Further, Lesnik said, Europe was under ice until about 18,000 years ago. By this time, Neanderthals were extinct and modern humans had taken over the domain. As a result of this “little ice age,” she said, insects were far from plentiful in Europe and thus not considered a nutritional resource. This does not, however, fully explain Western Europeans’ distaste for bugs. Even after colonizing the Americas, where indigenous people have utilized insect resources for generations, Europeans resisted the adoption of insects as food.

Lesnik said that this was not a result of evolution, but culture.

“This really is a good example of ethnocentrism and othering,” Lesnik said. “Insects are something that we don’t eat but other people do, so they must be starving, or they must be unable to produce any other resource or they must not be smart enough to have the technology that we have.”

This was especially relevant in the European colonization of African and Native American territories. Europeans saw these people as “other,” as people whose customs were backwards and savage simply because they were different from their own. As a result, customs such as eating insects were looked down upon and vehemently resisted.

Lesnik said that Americans today typically view insects as a “fallback food,” a source of nutrition only when nothing else is available. They think of lost hikers and people of impoverished, developing countries who have no other choice but to rely on bugs. With time, Lesnik said she hopes that Americans can increase conversation about edible insects and one day learn to think of insects as a healthy and sustainable resource.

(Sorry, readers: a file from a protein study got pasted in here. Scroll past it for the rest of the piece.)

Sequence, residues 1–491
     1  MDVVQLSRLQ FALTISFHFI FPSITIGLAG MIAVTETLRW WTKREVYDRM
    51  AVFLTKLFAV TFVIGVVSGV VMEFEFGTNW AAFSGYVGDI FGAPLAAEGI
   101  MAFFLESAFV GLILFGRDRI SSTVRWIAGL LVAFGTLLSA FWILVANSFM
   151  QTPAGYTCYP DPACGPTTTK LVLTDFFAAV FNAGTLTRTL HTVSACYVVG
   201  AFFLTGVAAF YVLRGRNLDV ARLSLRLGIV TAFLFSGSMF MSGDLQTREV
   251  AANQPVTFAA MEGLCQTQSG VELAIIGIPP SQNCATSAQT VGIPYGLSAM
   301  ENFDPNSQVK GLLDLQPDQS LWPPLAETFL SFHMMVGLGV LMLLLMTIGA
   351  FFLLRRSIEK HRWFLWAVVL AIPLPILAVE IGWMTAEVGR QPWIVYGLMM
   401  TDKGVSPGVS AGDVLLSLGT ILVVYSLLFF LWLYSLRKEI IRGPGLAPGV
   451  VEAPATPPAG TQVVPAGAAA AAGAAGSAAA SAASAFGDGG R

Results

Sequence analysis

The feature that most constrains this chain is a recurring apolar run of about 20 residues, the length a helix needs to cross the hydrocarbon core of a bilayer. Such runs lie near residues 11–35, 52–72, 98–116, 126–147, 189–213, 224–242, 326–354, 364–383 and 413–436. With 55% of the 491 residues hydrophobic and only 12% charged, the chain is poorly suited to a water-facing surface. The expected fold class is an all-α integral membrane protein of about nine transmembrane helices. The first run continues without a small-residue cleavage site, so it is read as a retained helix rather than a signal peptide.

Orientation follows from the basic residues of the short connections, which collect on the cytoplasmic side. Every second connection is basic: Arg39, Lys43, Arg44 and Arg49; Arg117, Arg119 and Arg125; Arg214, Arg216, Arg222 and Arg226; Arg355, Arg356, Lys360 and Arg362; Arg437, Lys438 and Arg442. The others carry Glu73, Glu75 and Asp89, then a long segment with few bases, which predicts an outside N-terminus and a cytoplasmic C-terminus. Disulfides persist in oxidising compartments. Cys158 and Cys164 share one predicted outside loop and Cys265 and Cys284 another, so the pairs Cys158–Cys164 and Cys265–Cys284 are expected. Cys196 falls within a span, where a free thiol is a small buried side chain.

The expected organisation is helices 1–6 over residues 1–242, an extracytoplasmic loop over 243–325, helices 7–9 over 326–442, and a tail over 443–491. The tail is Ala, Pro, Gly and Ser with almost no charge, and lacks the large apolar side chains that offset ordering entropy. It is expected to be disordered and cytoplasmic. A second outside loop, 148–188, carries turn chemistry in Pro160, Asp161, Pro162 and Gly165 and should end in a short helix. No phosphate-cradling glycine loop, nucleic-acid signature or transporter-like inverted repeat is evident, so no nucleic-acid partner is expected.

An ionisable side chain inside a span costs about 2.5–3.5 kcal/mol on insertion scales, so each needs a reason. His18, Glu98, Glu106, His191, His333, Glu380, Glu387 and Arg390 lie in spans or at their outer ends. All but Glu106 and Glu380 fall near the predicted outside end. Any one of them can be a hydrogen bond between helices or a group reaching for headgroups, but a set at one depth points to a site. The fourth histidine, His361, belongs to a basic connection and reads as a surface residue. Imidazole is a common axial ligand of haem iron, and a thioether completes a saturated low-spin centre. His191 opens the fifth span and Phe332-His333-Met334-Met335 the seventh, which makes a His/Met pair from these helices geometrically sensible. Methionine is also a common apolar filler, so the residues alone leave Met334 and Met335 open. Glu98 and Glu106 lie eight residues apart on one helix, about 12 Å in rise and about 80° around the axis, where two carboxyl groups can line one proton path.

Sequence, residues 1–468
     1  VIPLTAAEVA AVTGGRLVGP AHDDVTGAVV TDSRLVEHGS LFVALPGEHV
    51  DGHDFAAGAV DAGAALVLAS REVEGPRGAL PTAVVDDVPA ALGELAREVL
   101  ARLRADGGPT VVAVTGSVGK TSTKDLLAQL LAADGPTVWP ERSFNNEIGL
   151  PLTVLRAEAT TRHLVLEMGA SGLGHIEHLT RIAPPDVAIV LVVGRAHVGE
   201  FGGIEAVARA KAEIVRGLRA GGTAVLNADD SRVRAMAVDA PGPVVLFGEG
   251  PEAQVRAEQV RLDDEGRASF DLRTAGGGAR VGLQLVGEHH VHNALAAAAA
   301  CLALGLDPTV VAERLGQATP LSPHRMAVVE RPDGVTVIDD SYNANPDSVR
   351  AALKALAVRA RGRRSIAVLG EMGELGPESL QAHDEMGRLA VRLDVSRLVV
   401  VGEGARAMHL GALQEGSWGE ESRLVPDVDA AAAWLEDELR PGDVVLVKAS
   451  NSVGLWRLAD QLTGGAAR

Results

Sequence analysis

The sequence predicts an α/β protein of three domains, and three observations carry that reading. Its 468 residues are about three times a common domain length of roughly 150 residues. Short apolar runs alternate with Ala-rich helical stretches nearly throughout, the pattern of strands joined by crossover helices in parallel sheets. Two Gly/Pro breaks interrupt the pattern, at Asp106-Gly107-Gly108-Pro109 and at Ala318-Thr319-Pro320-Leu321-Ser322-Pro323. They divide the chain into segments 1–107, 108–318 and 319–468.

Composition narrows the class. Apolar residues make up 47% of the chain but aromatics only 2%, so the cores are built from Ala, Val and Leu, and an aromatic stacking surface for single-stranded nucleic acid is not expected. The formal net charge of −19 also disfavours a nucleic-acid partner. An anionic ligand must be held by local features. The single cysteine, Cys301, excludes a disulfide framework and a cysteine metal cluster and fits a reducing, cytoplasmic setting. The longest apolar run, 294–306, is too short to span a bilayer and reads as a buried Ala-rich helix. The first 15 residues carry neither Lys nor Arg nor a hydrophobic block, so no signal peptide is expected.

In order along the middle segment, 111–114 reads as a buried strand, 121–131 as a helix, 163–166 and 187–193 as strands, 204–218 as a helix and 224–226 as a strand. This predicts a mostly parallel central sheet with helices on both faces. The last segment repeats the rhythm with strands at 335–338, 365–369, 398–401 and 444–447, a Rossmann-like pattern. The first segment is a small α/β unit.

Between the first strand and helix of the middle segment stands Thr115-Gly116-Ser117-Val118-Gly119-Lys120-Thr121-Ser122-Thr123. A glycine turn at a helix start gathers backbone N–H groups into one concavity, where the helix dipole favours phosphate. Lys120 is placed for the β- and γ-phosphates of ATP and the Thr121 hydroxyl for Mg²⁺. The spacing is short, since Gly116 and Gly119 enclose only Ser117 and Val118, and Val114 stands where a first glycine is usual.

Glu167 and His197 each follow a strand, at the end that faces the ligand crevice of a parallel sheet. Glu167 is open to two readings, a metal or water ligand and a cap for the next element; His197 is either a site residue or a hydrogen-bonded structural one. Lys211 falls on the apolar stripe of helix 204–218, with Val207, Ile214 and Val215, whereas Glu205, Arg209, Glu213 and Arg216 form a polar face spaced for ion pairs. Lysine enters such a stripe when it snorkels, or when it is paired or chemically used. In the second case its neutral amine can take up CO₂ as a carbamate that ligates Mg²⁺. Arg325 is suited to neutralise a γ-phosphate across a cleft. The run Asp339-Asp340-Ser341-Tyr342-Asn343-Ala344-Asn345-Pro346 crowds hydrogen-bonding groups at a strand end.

“I offer samples all the time and get gut reactions from people,” Lesnik said. “A lot of times, people will say, ‘Ew, that’s gross,’ and I’ll say that that’s just your biased cultural opinion. So I try to explain to them that that’s a product of their culture, and that people all over the world eat insects.”

Though parents can be grossed out by bugs, Lesnik recommended that parents keep those opinions to themselves and allow their children to develop their own. She hopes that this way children will be allowed to look at food with their own ideas, free of the influence of a culture that tells them to shy away from edible insects.

“There are a lot of things that my parents would be icked out by that I’m not. Crickets might have an ick factor for me, but my children might not be freaked out by it,” Quinn said.

Quinn hopes that products like cricket flour and cookies can allow consumers to move past the image of the insect to embrace the concept in the future.

“There’s such a good payoff to eating insects; we’ve talked about the protein, iron and calcium. Plus, I think this is a really good way to incorporate new foods that we’re not used to,” Shelby Smith, a junior biological anthropology major, said. “I’ve always been very open-minded. So I’ve been open to the idea of eating insects; this has just really made me think about how to incorporate that into my own diet.”

Quinn said the talk did “a great job of connecting the past with the present, making information about the archaeological record and the paleoanthropological record meaningful and impactful in the modern world.”

Lesnik is continuing to study the hominid diet in south and east Africa, and is currently working on her book, “Edible Insects and Human Evolution.”

Story by: Ashley Goodman, A&E Reporter